The Fairy Tale Fiction of Anne Isabella Thackeray Ritchie edited by Heidi Anne Heiner (yours truly) is free as an ebook for the next four days, I believe ending Thursday night at midnight PST.
If you haven't read any of Ritchie's work, I obviously find her handling of fairy tales rather fascinating. There is no magic but the stories are faithful yet imaginative retellings. And when one considers they were written as contemporary fiction in their time, they take on another dimension of interest, too.
FAIRY tales have long been an important part of the world's history and literature, especially for women whose voices have often been trivialized, ignored or made anonymous. Old wives' tales, fairy tales, and folklore-whatever terms are chosen-are part of our earliest literature and have often provided the medium for women's voices, for women's stories. Like the women of the French Salons who used traditional stories to create and recreate tales that both inspired and criticized their world and its expectations, women writers have long been recording and rewriting fairy tales for their own generations. The practice continues up to current times and will easily continue on past our own generations into a distant future.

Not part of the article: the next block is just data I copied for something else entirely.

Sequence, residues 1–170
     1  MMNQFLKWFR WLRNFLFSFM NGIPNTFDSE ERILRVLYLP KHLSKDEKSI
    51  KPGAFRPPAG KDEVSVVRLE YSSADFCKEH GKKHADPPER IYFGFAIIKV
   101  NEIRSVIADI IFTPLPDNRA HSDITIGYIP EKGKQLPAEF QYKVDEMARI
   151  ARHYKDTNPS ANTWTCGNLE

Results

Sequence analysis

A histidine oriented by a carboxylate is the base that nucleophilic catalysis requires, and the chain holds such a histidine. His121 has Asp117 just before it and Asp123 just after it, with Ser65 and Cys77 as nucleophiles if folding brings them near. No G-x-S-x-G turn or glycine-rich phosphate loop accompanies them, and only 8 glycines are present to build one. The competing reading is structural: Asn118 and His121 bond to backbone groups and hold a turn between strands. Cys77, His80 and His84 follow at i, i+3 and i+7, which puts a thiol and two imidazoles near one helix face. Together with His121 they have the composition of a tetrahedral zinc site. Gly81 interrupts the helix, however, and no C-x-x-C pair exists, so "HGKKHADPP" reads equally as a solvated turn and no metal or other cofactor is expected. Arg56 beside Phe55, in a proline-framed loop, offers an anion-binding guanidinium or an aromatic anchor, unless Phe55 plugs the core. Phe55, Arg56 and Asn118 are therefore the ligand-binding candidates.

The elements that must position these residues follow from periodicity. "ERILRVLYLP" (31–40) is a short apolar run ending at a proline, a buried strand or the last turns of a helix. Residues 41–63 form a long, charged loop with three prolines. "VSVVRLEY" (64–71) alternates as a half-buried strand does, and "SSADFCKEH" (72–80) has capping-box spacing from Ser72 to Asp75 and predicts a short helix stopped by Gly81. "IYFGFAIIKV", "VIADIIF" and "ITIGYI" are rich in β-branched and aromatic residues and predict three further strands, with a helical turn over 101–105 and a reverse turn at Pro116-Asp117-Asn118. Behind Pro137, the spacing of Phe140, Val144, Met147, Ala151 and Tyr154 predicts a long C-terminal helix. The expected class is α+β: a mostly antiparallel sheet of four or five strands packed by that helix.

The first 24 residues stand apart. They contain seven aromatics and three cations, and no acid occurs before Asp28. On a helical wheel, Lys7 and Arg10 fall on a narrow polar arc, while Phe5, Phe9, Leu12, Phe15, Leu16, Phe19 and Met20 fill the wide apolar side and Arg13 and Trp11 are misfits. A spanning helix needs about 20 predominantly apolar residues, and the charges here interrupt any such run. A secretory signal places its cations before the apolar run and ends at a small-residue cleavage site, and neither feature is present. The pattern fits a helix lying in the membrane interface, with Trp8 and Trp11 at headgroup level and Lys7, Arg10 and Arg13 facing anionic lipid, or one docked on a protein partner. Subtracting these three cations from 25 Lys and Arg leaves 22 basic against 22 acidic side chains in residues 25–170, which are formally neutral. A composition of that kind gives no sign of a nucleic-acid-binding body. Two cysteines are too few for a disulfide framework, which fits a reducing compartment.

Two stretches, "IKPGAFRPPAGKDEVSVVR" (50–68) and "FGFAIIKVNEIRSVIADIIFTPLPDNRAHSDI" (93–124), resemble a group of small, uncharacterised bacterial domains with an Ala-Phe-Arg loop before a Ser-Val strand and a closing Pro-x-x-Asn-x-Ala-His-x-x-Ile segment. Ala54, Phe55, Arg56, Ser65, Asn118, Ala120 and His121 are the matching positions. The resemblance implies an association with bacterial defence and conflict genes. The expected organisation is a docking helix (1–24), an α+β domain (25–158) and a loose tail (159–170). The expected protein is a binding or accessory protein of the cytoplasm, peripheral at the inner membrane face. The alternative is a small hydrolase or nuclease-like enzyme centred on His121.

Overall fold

One such author from the Victorian era was Anne Isabella Thackeray Ritchie, the eldest daughter of William Makepeace Thackeray. Ritchie rewrote nine fairy tales into short stories and novellas, exploring and reinterpreting the tales for the audience of her time. She wasn't the first to do so--and certainly not the last--but she firmly belongs in this literary legacy, one in which she has all too often been overlooked.
Edited with a new introduction by Heidi Anne Heiner, this volume includes Anne Thackeray Ritchie's nine short stories and novellas from Five Old Friends and Bluebeard's Keys and Other Stories: "The Sleeping Beauty in the Wood," "Cinderella," "Beauty and the Beast," "Little Red Riding Hood," "Jack the Giant-killer," "Bluebeard's Keys," "Riquet á la Houppe," "Jack and the Bean-stalk," and "The White Cat."
Additional materials include Ritchie's introduction to The Fairy Tales of Madame D'Aulnoy and "Bluebeard's Ghost" by William Makepeace Thackeray, Ritchie's father.